1. The KillerFrogs

Vertical Pellet Smokers

Discussion in 'Tailgating/BBQ' started by netty2424, Jul 19, 2020.

  1. Anyone have experience or thoughts on vertical smokers?
    -Pellet smokers specifically.
    -Brand recommendations.
    -Must have features/benefits.
    -Where does the quality cost benefit come play- construction, temp consistency, pellet efficiency(if there is such a thing)?
    -Pellet brand reco’s?

    I don’t need a grill, but would like to invest in a quality smoker. I would prefer a wood smoker, but honestly need something that’s a little more self-sufficient like a pellet option.

    Sorry if there are a hundred of these threads. With the new category format, I wasn’t sure where to look, and there’s only one thread in tailgating/bbq.

    Thanks in advance.

    @Frog-in-law1995 if I remember from your posts, this is something you compete in possibly?
     
    Frog-in-law1995 likes this.

  2. Yup. I have a cabinet-style pellet smoker. One of the 5-rack Pit Boss brand smokers. Don’t use it anymore, but it worked ok once I figure out how to use it. Wouldn’t buy another one, though. Temp control is in 25° increments (which isn’t a big deal, but the technology to allow any temp is inexpensive, so what the hell?). Really my biggest issue is that when the door opens, it lets so much air in that it’s takes longer than other smokers to get back to temp. I have used a more traditional green mountain pellet smoker, and didn’t have that issue. Also, the pit boss didn’t hold up well to a lot of movement. I’m sure it would be fine sitting in a porch, but moving it around on and off of trailers and over uneven ground really tore it up. Still, it never stopped turning out good Q, provided you used high-end pellets. I like the Green Mountain fruitwood.

    I’m telling you guys, though. If you don’t want to drop coin on an XL kamado, drum smokers are the way to go. They hold temp very well and can go 12 hours at 225-250 on one basket of lump coal. Once you learn it, it’s just as easy as a pellet smoker. Be sure to get (or build) one with a 22” diameter, though. Not those 18” Smokey Mountains or Oklahoma Joe’s.
     
    netty2424 likes this.
  3. When I’m not using my BGE I’m pretty happy with the quality of my dad’s Traeger. I’ve used it for numerous racks of ribs and a half dozen briskets, and haven’t had a bad experience yet. He looked at vertical smokers, including the Pit Boss model, but decided against it because of the heat loss frog-in-law mentioned. I’m curious if some of the higher end models have the same issue.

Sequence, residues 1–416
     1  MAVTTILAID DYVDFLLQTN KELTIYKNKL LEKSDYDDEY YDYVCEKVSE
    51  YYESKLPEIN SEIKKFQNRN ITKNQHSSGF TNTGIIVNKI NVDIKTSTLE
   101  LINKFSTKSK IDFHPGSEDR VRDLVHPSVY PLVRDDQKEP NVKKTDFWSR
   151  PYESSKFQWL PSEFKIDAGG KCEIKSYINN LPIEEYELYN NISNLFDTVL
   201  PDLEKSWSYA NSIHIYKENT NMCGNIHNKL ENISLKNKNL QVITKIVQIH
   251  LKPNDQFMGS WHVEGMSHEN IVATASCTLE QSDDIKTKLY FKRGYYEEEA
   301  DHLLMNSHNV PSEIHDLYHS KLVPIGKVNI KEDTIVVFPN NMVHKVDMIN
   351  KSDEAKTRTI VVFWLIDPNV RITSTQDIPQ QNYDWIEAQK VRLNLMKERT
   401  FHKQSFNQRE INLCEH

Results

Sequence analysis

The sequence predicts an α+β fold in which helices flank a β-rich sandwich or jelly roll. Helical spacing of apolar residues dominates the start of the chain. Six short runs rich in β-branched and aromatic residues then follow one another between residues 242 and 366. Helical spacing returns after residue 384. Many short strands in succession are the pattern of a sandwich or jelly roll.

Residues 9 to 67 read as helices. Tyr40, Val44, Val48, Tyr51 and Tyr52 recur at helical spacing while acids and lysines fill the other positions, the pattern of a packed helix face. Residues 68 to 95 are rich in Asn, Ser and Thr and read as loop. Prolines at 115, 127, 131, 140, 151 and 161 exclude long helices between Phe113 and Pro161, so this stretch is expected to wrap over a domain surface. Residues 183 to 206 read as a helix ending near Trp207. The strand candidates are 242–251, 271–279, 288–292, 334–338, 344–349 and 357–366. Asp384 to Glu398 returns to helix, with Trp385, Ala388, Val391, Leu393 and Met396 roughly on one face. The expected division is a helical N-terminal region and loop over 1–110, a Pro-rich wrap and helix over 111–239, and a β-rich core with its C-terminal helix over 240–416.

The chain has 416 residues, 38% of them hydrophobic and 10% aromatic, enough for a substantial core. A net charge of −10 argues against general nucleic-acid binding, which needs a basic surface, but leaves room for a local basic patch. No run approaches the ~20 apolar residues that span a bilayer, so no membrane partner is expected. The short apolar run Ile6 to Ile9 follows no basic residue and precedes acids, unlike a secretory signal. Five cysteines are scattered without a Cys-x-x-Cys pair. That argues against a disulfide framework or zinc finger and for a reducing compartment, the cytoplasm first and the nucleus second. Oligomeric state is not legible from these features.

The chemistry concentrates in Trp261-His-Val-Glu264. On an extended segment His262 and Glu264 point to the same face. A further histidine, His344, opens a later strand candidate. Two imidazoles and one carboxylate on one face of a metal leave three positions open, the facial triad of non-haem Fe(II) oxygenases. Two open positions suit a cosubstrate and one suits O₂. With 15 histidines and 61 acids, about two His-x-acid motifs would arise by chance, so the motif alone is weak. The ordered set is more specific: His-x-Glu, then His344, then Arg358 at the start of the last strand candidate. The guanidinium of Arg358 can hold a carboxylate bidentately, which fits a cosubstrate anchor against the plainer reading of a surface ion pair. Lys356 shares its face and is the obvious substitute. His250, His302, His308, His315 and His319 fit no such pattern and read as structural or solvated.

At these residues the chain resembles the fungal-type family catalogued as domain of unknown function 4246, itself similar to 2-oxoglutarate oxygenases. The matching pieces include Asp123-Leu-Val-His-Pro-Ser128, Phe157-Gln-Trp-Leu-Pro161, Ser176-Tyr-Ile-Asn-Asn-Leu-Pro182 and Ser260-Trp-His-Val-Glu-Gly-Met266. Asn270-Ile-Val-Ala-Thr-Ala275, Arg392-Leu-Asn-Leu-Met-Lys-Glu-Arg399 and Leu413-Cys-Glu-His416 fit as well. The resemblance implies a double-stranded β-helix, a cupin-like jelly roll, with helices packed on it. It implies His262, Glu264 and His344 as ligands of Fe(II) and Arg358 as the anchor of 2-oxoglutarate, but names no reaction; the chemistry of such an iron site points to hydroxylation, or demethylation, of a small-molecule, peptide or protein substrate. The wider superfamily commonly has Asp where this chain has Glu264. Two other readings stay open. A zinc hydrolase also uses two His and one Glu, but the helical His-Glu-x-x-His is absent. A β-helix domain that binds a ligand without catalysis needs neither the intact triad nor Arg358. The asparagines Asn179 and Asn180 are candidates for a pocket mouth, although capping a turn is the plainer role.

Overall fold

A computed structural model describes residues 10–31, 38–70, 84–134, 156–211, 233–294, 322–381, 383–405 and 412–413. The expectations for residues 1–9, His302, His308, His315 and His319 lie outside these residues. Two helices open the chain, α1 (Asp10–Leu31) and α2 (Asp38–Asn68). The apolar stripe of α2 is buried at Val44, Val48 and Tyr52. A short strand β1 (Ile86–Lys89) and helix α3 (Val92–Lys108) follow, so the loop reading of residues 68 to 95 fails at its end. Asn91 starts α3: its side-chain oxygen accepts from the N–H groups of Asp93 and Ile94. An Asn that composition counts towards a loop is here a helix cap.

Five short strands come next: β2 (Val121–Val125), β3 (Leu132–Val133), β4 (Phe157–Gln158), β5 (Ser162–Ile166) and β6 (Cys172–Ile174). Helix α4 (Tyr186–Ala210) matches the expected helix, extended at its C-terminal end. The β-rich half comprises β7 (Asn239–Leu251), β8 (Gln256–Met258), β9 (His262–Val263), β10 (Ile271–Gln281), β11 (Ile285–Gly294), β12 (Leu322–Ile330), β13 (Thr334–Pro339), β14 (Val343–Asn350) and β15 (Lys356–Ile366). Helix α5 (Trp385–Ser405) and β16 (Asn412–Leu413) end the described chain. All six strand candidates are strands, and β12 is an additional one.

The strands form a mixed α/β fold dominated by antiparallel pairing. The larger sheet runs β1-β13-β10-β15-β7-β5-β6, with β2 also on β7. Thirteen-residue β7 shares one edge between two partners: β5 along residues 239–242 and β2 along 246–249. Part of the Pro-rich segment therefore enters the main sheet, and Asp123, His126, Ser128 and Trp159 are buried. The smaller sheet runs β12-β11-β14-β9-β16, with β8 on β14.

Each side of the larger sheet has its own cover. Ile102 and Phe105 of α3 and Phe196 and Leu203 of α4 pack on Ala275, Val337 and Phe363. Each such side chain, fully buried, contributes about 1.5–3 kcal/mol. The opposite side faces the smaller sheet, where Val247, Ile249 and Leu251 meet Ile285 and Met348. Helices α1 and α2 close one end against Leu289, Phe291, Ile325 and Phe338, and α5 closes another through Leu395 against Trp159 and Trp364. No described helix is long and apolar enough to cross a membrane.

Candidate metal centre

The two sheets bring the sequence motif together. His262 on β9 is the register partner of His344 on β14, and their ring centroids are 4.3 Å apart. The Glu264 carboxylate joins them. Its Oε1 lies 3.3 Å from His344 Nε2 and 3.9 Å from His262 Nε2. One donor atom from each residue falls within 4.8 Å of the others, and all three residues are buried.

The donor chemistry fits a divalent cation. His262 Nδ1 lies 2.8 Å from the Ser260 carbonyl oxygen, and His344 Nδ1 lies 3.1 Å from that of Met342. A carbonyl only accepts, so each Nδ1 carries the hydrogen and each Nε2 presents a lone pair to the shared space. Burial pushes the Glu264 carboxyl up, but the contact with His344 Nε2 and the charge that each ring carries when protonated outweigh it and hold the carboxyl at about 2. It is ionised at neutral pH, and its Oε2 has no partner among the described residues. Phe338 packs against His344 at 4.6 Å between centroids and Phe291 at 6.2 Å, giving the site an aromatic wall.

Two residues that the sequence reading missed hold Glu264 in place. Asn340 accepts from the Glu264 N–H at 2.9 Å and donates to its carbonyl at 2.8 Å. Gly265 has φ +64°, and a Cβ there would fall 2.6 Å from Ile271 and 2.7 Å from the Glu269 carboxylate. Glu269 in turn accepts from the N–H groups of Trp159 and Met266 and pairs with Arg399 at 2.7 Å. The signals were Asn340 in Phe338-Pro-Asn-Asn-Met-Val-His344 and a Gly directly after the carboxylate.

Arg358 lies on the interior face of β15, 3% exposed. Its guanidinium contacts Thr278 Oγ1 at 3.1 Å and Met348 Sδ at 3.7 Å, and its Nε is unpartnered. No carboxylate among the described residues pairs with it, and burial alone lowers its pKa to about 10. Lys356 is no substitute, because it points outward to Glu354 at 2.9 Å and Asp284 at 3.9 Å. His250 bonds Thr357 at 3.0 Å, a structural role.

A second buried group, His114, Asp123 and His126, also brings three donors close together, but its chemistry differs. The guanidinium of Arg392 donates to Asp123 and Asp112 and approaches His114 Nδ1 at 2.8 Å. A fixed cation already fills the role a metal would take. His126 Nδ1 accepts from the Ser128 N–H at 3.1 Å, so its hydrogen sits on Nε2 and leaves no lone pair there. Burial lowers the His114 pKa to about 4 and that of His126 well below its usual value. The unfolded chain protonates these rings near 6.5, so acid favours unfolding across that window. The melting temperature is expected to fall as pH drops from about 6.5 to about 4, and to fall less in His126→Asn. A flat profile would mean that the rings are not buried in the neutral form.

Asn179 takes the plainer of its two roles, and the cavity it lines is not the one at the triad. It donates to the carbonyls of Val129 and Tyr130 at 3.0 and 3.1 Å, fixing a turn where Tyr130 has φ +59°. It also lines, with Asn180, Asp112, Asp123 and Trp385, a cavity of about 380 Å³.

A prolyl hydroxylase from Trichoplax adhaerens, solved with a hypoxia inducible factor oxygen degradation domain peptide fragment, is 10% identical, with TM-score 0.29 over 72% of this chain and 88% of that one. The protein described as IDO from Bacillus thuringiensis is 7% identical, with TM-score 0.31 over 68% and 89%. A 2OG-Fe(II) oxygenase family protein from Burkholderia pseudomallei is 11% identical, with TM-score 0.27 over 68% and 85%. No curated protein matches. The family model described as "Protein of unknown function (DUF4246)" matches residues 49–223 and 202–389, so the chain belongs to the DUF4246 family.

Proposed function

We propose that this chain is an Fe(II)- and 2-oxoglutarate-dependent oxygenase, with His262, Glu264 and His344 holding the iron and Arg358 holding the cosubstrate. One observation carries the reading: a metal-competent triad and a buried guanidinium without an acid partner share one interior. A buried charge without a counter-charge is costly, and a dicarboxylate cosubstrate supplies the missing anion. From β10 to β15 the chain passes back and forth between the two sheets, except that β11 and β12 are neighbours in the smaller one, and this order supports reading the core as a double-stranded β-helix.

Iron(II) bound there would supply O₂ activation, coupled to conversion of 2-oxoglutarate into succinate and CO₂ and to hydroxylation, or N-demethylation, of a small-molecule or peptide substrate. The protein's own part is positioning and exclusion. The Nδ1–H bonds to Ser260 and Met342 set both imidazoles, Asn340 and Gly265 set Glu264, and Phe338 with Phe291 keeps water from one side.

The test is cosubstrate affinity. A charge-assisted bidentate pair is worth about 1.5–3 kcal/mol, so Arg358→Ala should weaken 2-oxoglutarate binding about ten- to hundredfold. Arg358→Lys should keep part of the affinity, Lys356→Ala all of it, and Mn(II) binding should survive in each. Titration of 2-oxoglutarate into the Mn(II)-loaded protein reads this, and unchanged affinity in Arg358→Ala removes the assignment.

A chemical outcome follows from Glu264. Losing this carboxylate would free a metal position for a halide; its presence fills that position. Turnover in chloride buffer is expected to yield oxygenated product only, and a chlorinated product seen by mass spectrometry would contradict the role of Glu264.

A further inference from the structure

Is there a specific brand you’re looking at?
     
  4. Thanks for the response and information. I like the BGE, Kamado style and assume it will probably produce better results. I am sure I’ll own one at some point.

    I was at a buddies house yesterday and he put a brisket on a Traeger about 5:30am and it was ready to around 2pm. It wasn’t the best, but it was pretty damn good. Especially for the minimal effort he had to put into it. Outside of trimming it, adding some S&P with mustard and brown sugar, and a few spices, he monitored the temp from his phone by the pool.

    I personally like to be more hands on things like this, but with little ones, that type of efficiency is hard to beat.
     
    Frog-in-law1995 likes this.
  5. It does seem like that’s one of the bigger issues with the vertical cabinets styles in heat loss.

    Not set on any brand specifically. Pit Boss has done a good job marketing, as they seem to lead the search results. I’m early in my search so more or less trying to get an idea of what’s out there at this point.
     
    TxFrog1999 likes this.
  6. I promise you that a kamado or a well-built drum is no more work that a pellet smoker once you get the fire lit and up to temp. As long as you don’t move the intake or exhaust dampers, they will hold 225 all night with very little variance. For $60 or so, you can get a digital thermometer with probes for the smoker and meat that will allow you to monitor temps from anywhere. And for between $150 and $350, you can get a thermometer that includes a force draft that regulates air flow into your smoker with a small fan and will keep your smoker temp within 2 or 3 degrees of what you set it at until the fuel runs out. (Higher end models even allow you to adjust temps remotely thru Wi-Fi). Seriously, pellet grills are great, but don’t think you’ve got to get one to avoid staying up all night.

    And, if you ultimately go the kamado route, look at the Kamado Joe. They’re edging out BGE as the best out there.
     
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  7. My problem with pellet grills is that they don't put enough smoke flavor into the meat.. Last brisket I did on my Traeger tasted like a pot roast done in an oven..